Car-smashing raises funds for flooded vehicle


By Aaron Atkins

RADFORD — Members of the Theta Chi fraternity came up with an unusual method to aid one of their own in replacing his car, one of the vehicles lost to the floodwaters when the New River crested its banks and swamped a set of Radford University parking lots near the Dedmon Center in February — smash it with a 10-pound sledge.

RU senior Mary Cook slams a hammer into a car, which was declared a total loss following a flood in early February. Members of the Theta Chi fraternity hosted the smashing in an effort to raise funds to replace the car for its owner. Photo by Aaron Atkins.

The car, owned by Theta Chi member Brandon Lewis, was a total loss following the flood. Instead of just junking it, Lewis donated it to the fraternity in hopes of recovering enough funds to replace it. The vehicle, with its window glass removed for safety reasons, was towed to parking lot EE outside RU’s Dalton Hall where members of the fraternity collected donations Thursday afternoon.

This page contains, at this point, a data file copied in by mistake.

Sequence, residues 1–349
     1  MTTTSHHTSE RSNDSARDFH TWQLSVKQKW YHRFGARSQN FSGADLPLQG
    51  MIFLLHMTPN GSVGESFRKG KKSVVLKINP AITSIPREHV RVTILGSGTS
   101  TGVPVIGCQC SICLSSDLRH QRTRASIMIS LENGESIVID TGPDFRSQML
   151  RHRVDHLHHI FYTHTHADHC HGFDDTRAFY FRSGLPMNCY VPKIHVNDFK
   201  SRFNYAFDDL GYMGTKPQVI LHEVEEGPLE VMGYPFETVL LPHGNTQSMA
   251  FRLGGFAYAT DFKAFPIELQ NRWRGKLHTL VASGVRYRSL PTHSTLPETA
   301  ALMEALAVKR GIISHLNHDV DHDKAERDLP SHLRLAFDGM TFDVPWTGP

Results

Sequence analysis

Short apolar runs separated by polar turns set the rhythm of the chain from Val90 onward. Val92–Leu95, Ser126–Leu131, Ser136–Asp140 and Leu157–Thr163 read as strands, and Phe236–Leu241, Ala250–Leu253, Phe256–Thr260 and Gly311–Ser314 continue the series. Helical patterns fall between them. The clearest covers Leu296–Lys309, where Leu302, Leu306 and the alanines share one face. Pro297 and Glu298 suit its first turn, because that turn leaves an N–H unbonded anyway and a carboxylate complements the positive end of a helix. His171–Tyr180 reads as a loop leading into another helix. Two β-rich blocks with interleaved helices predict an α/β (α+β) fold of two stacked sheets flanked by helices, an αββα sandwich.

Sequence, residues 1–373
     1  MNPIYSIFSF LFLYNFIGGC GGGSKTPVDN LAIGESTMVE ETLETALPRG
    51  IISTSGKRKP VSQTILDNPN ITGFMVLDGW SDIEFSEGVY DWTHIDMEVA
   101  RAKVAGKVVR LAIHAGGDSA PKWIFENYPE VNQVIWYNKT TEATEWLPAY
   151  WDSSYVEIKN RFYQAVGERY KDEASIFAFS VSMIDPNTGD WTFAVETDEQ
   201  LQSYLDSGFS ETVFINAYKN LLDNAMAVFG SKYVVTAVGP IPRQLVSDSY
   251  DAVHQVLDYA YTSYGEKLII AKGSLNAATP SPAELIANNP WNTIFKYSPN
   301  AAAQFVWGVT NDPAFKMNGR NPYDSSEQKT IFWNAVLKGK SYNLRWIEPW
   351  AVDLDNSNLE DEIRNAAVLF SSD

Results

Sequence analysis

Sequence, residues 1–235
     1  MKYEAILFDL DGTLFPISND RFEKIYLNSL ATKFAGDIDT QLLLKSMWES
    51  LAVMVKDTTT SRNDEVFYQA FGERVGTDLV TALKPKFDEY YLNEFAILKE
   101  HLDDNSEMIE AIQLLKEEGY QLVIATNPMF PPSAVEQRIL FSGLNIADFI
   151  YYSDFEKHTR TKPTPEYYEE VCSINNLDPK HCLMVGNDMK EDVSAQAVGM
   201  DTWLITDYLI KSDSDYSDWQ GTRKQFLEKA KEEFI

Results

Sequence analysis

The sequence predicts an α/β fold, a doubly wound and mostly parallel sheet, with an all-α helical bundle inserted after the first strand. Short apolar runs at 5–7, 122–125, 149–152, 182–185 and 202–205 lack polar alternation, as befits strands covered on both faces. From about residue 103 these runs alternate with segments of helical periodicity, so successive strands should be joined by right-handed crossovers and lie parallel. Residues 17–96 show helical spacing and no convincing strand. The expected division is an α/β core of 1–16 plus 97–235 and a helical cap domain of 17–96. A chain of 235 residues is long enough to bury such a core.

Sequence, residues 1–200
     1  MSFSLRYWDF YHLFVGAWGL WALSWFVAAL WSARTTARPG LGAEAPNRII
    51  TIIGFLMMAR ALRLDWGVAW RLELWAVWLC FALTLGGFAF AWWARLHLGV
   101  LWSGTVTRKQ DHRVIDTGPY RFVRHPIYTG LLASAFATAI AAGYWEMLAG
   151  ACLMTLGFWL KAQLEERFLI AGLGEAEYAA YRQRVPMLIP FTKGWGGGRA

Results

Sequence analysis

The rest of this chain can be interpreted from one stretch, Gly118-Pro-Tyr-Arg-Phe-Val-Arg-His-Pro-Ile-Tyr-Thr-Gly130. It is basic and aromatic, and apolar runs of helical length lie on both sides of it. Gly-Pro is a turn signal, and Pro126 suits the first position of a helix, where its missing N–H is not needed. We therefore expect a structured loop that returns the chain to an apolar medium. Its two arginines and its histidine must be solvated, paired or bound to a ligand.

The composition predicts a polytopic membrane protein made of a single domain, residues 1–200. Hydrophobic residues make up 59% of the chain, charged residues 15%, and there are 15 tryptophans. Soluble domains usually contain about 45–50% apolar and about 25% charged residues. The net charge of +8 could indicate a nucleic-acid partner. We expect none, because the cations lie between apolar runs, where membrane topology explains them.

The window glass was removed for safety reasons. Each donation bought its donor, adorned with safety glasses and a hard hat, around 30 seconds of smash time to swing the sledge and further demolish the flood-ruined car.

“One of our brothers (Theta Chi member Brandon Lewis) owned one of the cars in the flood, and he only had liability insurance on it,” Theta Chi fundraising chair Da’Mon Brown told the News Journal. “I’ve always wanted to smash a car like this, so this was perfect. He (Lewis) donated his car to us to smash, so here we are.”

Brown said half the funds raised would go to Lewis to put toward replacing his ruined ride; the rest would go into the fraternity treasury.

Around 140 vehicles were lost to the flood, which resulted from back-to-back rain and snowfalls that forced American Electric Power officials at Claytor Dam to release around 72,000 cubic feet of water per second to control rising water in Claytor Lake, which crested around 2.5 feet above its normal full-pond elevation of 1,846 feet above sea level.